After calculating the PWM Equivalent Voltage, we generally assume that the motor will operate ideally and respond as if it was connected to a non-PWM power source providing the voltage. But that's not the case. For example, a Yellow-TT motor will spin if a single 1.5-volt battery is connected, but will not turn until the PWM Equivalent Voltage coming from a Motor FeatherWing reaches 2.0 volts. And when it does start, it suddenly rotates at 4000 RPM. Why is that?
Since a brushed DC motor’s internal rotor consists of two or more coils of wire wound around laminated magnetic core material, the motor acts like an inductor. Depending on size of the rotor coil, it may take a few milliseconds for the energy to build sufficiently to turn the shaft.
Rotor coil inductance becomes a primary factor to consider when using PWM for motor speed control. The motor coil works best when the applied voltage is relatively steady since it needs time for its magnetic field to reach the needed strength. At higher PWM frequencies, the pulses from the motor controller board are changing too quickly to provide enough energy to spin the motor until the equivalent voltage reaches 2.0 volts.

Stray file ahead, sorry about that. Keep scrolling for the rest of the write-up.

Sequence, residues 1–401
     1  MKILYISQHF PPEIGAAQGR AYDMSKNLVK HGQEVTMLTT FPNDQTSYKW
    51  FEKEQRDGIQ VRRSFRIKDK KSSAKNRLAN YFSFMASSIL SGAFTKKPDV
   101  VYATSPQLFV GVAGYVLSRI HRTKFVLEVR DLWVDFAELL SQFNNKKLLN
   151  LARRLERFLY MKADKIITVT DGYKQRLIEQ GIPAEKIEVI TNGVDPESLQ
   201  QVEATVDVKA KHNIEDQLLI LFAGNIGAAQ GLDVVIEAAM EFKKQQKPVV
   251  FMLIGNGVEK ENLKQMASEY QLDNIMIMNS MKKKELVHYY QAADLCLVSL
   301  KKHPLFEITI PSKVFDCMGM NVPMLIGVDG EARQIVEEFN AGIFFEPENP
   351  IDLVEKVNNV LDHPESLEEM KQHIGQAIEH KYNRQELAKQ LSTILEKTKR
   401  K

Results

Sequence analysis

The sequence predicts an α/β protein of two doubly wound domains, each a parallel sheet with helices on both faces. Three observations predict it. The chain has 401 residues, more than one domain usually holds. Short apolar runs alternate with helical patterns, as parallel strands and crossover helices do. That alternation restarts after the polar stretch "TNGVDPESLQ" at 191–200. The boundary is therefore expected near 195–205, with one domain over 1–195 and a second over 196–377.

When the PWM frequency is lowered, the motor’s coils extract more energy from the pulsed PWM signal. That means that the motor will start spinning at a lower equivalent voltage and will operate with improved torque at low speeds. The following graph compares the Yellow-TT motor's speed response when the default PWM frequency of 1600Hz is changed to 25Hz.
The spin threshold at 25Hz starts at 0.3 volts, increasing the useable motor speed range to as low as 100 RPM. The Yellow-TT gearbox reduces the motor’s RPM by a factor of 48, so the attached wheel will be turning at 2 RPM or about 0.6cm/sec. A velocity like that will make it much easier for your robot to sneak up on the cat.
How do we choose the best PWM frequency for our robot’s motors?